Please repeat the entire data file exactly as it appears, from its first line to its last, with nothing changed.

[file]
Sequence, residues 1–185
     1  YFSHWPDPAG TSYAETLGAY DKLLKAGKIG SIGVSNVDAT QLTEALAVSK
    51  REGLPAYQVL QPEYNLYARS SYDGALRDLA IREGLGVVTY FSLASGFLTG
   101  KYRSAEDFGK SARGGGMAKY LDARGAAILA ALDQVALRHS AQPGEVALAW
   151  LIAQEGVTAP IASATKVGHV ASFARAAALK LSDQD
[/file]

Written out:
Sequence, residues 1–185
     1  YFSHWPDPAG TSYAETLGAY DKLLKAGKIG SIGVSNVDAT QLTEALAVSK
    51  REGLPAYQVL QPEYNLYARS SYDGALRDLA IREGLGVVTY FSLASGFLTG
   101  KYRSAEDFGK SARGGGMAKY LDARGAAILA ALDQVALRHS AQPGEVALAW
   151  LIAQEGVTAP IASATKVGHV ASFARAAALK LSDQD